Linked by Thom Holwerda on Thu 31st May 2012 12:24 UTC
Windows "Microsoft has been furiously ripping out legacy code in Windows 8 that would have enabled third parties to bring back the Start button, Start Menu, and other software bits that could have made this new OS look and work like its predecessor. In fact, I've seen that several well-known UI hacks that worked fine with the Windows 8 Consumer Preview are no longer functional in the coming Release Preview. And those with hopes that Microsoft would allow businesses, at least, to boot directly to the desktop should prepare for disappointment. That feature not only isn't happening, it's being removed from Windows Server 12 (Windows 8's stable mate) as well." When you buy a new machine later this year, you will use Metro, an environment wholly inferior, incomplete, and not at all ready to replace the traditional desktop in any way, shape, or form. Whether you like it or not.
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What Microsoft doesn't realize
by darknexus on Thu 31st May 2012 16:33 UTC
Member since:

People who want tablets with walled gardens are already using iOS, and app developers are already coding for it. There's little sense in making an iOS clone with a different UI which, while completely different and arguably superior under the hood, is how Windows 8 is going to be perceived by anyone with more than a single functioning brain cell. Metro is reactionary. It's a Microsoft "me too" statement without much forethought put into it.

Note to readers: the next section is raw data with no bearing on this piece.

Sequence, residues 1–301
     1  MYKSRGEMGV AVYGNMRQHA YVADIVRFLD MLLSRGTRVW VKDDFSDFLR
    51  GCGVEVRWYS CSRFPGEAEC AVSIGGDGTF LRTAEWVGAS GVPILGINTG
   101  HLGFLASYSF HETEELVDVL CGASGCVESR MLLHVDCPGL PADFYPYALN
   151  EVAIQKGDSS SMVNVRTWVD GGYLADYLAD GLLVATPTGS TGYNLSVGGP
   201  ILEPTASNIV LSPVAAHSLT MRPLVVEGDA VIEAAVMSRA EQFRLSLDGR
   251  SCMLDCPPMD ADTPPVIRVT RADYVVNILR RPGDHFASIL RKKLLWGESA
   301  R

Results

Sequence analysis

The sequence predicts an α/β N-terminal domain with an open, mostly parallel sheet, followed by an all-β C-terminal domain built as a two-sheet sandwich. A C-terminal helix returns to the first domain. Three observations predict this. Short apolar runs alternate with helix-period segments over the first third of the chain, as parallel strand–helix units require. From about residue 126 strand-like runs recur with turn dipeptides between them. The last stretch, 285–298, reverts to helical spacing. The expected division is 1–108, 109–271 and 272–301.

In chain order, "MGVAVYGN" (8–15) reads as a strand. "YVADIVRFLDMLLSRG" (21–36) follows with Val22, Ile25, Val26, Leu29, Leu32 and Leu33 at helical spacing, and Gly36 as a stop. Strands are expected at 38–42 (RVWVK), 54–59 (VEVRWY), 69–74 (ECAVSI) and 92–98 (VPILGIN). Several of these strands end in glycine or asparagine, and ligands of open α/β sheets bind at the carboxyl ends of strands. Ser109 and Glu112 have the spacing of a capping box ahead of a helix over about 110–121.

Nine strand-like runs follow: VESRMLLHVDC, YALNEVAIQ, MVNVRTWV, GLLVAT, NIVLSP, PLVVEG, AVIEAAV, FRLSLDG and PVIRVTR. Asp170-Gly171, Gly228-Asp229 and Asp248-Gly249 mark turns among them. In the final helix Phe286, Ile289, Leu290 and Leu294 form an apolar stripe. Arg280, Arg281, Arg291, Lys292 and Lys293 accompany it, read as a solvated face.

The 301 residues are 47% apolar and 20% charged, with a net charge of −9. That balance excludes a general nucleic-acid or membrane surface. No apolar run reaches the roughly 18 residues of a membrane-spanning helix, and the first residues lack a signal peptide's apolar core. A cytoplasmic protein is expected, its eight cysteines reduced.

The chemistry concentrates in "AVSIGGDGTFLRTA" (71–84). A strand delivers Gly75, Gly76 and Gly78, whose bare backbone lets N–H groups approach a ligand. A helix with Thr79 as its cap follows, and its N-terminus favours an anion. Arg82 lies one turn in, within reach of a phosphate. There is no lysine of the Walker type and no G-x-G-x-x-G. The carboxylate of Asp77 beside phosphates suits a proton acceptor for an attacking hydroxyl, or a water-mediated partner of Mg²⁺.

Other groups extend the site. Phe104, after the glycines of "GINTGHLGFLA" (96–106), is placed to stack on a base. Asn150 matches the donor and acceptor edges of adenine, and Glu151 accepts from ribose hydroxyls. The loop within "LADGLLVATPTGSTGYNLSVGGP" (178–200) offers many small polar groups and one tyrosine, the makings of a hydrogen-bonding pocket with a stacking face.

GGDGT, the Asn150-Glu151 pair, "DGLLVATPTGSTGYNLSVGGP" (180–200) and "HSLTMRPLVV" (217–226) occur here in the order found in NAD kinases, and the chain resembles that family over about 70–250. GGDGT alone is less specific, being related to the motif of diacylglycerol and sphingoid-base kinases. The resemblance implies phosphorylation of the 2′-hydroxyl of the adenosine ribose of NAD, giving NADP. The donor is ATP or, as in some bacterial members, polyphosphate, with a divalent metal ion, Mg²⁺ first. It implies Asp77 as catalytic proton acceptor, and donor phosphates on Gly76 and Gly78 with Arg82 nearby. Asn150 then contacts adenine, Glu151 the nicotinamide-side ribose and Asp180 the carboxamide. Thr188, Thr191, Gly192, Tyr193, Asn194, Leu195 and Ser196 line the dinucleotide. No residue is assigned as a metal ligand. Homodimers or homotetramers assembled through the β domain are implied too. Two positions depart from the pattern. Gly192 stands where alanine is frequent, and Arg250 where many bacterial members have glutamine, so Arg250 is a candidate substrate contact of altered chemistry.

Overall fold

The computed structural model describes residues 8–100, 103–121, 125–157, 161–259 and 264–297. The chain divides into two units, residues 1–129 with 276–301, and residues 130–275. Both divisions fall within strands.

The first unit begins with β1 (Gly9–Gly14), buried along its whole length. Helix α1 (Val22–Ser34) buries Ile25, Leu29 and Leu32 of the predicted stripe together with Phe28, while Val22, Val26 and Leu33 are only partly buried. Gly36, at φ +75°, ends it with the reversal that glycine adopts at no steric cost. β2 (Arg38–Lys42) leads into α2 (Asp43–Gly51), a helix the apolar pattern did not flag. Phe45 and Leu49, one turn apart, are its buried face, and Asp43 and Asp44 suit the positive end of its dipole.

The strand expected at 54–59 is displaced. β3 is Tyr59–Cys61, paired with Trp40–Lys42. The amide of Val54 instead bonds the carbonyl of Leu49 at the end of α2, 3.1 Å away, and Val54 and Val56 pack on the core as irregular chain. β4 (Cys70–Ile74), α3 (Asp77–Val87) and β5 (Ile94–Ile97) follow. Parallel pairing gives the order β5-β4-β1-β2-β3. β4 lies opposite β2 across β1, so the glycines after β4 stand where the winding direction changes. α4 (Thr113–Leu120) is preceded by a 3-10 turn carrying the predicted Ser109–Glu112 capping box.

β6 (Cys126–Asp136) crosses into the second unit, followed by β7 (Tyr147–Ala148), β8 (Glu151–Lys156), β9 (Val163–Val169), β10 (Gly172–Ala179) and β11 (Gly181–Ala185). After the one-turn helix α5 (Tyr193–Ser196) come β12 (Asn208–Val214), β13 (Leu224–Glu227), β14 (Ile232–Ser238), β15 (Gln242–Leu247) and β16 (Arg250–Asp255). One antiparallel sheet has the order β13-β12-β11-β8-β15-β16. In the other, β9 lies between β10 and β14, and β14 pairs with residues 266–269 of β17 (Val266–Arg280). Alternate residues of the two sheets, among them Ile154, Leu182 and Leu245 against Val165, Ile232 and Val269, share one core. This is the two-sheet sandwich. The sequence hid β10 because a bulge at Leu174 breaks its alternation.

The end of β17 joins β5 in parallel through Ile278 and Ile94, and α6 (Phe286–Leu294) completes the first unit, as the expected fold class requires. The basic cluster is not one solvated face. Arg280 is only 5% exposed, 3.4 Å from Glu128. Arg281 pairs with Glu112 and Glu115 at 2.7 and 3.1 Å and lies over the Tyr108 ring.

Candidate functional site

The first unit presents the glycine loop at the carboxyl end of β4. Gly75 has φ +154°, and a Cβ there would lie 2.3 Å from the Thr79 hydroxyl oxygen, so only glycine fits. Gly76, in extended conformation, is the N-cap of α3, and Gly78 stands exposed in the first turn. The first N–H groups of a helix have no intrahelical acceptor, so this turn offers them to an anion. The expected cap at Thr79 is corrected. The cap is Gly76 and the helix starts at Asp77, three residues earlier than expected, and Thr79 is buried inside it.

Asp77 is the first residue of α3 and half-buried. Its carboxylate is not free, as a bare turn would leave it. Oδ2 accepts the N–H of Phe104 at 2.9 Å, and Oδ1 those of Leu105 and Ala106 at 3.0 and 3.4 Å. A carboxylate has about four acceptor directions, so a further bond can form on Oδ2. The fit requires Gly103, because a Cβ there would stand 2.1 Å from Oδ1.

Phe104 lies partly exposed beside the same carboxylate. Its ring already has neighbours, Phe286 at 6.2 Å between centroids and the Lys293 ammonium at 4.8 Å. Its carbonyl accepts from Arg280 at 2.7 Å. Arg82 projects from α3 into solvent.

Reply Score: 6

MollyC Member since:

Yes it's "reactionary". Apple drives the market these days. But to say there's no "forethought" is absurd.

Reply Parent Score: 2

mrstep Member since:

Sadly the forethought is Ballmer's. His "vision" of one Windows running on phones up to desktops and servers is just screwy. Tablets that drop to a desktop depending on the app you run, desktop machines that force huge (and I think ugly, but that's just my view) box icons onto the screen and split apps into full-screen vs. windowed categories.

It's really impressive to see it all come together so poorly, particularly when full-screen could have been done nicely (look at Apple's Lion on laptops - full screen apps are really beautifully integrated into the virtual desktop system) and when Metro would have been fine as just a phone/tablet interface since it was optimized for that.

But hey, one Windows! Unless you run on ARM... in which case you get no legacy apps anyway plus a desktop that still needs stylus/mouse/keyboard to work. It's a lack of foresight - or just a really bad vision.

Reply Parent Score: 2